Thursday, August 18, 2016

Our Quilty Friends Need Your Assistance

Our quilty friends need help washing her fabric stash and maybe their clothes as well.  A washing effort is being coordinated by Cheryl Armstrong, Margie Bumm and Sherry Herringshaw.  If you can help, please contact one of them.  

We know for sure that the following people got water in their homesIf you can wash, you may want to call these friends or just go by and pick up stuff to wash.  They may be too busy to ask for help at this point.


Candy Bergeron
Nina Delaune
Connie Ewbank
Mary Felder
Karol Guidry
Becky Guillot
France's Jones
Sarah LeBlanc
Valerie Kazlaukas
Debbi Kelly
Margaret Muse
Glen Parks
Louise Porter
Renee Vidrine
Jackie Wood 





























Thursday, August 4, 2016

a portable design wall (featured at the GSQA POE class)

Materials needed:  

Prym Dritz Superboard cutting boardIf you are looking for a spacious working surface for cutting fabrics and other craft and home decorating projects, the Open Folded Superboard is a smart choice. It has a sturdy Kraft board construction with a neat laminated finish. For added convenience, this superboard features markings in both directions and lines for cutting nine widths of bias strips and patterns for scallops and circles.
  • Brand: Prym Dritz
  • Dimensions: 40 x 72 inches
2 sturdy curtain rods, adjustable to height of design wall (72 inches)

Pat Speth's Portable Design Wall 1 dressmaker’s cardboard cutting board (the kind that folds up for storage) 2 curtain rods that extend to at least 72" (the white metal ones that telescope into each other so that there is a curve on each end)  a piece of white flannel 44" x 80" or a flannel backed vinyl tablecloth—very likely you will have to buy extra flannel and sew it together to make it this large, as it is not usually wide enough on its own.  10 -12 large binder clips 2" size (from the office supply store) ** Double stick carpet tape **Strapping tape, package tape, duct tape---some kind of broad tape to smooth out the edges that extend past the carpet tape. (Pat Speth is the author of the ‘Nickel Quilt’ series of books and gave this to her class during the teaching of her Paducah Nine Patch in Bloomington, IN, March 2, 2012.) ( Do not get the cheapest curtain rods (such as those from Wal-Mart) as the least little bend will go into a full-blown bend catastrophe! 

photo credit  http://www.quiltinglinda.com/tag/portable-design-wall/

August 2016 program: highlights of the summer 2016 POE (GSQA educational program), part two

The one-seam, three-dimensional Flying Geese block would be an interesting addition to a child's quilt and would add some complexity to a simple border.  Missouri Star Quilt Company's 8-minute YouTube video shows how to make the block in a manner similar to what was shared in class https://www.youtube.com/watch?v=15Cblb8J6i0.  

Another three-dimensional project shared at the POE was a fabric origami butterfly.  Cindy Baucum created many of these as pins awarded to GSQA raffle quilt block finalists.  After making 60 of these pins, she was a pro at making one the size of a penny (actually, smaller!)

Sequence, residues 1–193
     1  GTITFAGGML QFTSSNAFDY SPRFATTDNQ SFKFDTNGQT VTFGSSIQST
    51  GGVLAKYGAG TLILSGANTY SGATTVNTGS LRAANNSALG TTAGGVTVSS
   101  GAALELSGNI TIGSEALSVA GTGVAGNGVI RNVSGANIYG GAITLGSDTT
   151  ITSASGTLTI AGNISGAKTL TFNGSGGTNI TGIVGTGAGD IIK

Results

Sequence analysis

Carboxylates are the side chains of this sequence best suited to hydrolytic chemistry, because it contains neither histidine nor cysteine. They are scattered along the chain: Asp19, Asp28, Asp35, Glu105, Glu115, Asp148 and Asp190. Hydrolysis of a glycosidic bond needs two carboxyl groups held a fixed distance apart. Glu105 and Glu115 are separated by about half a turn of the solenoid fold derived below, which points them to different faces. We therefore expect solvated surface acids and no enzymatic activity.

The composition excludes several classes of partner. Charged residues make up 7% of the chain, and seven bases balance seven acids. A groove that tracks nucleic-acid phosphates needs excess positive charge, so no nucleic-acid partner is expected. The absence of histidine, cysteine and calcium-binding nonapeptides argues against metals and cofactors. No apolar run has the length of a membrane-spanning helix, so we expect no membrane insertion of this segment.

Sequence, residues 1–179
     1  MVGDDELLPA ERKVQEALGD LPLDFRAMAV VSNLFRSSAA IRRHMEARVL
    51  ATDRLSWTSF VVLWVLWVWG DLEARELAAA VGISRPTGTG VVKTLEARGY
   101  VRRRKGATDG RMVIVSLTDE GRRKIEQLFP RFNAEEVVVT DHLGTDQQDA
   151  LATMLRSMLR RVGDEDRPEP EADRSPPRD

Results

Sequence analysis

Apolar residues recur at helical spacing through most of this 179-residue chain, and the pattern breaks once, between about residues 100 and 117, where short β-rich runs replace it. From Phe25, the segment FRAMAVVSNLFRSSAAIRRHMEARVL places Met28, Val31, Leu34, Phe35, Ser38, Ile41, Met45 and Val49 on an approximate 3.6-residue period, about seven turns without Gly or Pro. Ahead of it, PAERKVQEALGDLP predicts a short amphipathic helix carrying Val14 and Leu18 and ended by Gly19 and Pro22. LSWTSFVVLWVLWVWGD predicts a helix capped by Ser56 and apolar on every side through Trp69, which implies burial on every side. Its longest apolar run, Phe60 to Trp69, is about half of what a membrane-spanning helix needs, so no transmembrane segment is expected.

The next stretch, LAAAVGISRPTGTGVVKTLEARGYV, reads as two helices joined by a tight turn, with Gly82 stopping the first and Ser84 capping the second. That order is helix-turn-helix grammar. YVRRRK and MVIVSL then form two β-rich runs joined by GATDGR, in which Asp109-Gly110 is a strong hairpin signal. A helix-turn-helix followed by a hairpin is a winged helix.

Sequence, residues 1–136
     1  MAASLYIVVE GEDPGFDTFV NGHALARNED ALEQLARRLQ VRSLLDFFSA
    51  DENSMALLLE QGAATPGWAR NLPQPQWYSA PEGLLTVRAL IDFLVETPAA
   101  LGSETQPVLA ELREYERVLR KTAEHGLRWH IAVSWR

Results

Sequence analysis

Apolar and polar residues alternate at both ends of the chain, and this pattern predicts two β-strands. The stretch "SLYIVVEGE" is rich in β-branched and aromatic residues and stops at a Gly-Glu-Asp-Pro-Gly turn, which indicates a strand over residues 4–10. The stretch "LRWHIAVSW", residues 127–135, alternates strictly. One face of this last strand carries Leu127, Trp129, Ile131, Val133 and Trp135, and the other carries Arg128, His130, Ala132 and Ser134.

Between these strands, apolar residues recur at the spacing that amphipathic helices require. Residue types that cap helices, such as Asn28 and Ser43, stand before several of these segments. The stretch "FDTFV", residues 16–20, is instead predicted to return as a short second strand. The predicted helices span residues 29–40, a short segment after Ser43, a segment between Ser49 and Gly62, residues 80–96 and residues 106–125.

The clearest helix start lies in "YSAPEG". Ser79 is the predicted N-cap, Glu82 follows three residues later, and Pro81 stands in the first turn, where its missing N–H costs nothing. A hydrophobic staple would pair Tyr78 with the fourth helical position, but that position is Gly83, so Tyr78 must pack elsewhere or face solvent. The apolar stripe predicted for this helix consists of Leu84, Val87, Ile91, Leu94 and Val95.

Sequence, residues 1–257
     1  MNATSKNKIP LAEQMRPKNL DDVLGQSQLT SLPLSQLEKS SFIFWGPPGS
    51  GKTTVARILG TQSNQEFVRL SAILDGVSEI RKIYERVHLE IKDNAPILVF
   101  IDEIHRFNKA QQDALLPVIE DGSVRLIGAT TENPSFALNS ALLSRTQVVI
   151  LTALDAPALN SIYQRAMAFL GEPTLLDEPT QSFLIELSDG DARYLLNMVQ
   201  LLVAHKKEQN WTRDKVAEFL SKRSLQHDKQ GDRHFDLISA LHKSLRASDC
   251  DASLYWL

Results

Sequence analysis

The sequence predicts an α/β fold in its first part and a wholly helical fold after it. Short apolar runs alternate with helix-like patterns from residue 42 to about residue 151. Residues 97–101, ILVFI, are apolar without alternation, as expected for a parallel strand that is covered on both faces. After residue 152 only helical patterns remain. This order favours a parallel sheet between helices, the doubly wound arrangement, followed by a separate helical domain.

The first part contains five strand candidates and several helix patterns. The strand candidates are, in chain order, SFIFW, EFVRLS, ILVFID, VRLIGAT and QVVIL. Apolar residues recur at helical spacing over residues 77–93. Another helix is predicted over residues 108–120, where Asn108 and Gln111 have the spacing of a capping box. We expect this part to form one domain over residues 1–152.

I forgot to mention chocolate--a basket full from which to choose all day!  We finished the class with a recipe that POE coordinator Paula Mathews shared, for Millionaire Pie from Spend with Pennies http://www.spendwithpennies.com/millionaire-pie-5-minutes-to-prep.  

The purpose of POE is for GSQA members to attend, and then to return to their guild to share class content with all guild members.  It's one way that GSQA meets its mission statement to share the love the quilting through commuity service and education.  So come join us soon, to see what we're all about.  River City is hosting the January 2017 GSQA meeting, right here in Baton Rouge.  

Renee Hoeprich 

August 2016 program: Highlights of the summer POE (GSQA educational program)

This Pursuit of Excellence class shared techniques to enhance what we may already do.  This teaching format is beneficial to beginners and advanced quilters alike, as you can jump in where you need to, to increase accuracy in block making or just start with a method that will save you time.  There are many quilt blocks that use a 60-degree triangle as a unit.  

Part of the POE class time was used to demonstrate cutting up this triangle unit to make a quicker pineapple block unit.  This YouTube video incorporates these techniques https://www.pinterest.com/pin/362750944968758151/.  

There are rulers (TriRecs is one brand) https://www.pinterest.com/pin/362750944968758116/ which makes cutting these units easy. 
A formula for paper template is also available 
https://www.pinterest.com/pin/362750944968751119/

Many traditional blocks can be made with this technique; 54-40 or Fight and Storm at Sea are two examples.  There are also contemporary/modern blocks which I put on my list of might-become-quilts (https://www.pinterest.com/pin/362750944968758153/, https://www.pinterest.com/pin/362750944968758120/, and a Christmas tree https://www.pinterest.com/pin/362750944968758102/.  

In the POE class, the 60-degree triangle was used as one unit of a quilt incorporating a quarter-square triangle, a pineapple unit made from a triangle block, and an easy strip-piecing technique to make a chain block unit.  
The block could be done all in Christmas prints from your stash.  
This block also lends itself to becoming part of an interesting scrappy quilt with a conscious use of values.  

Check out the companion entry here on other things learned in class.  

Renee Hoeprich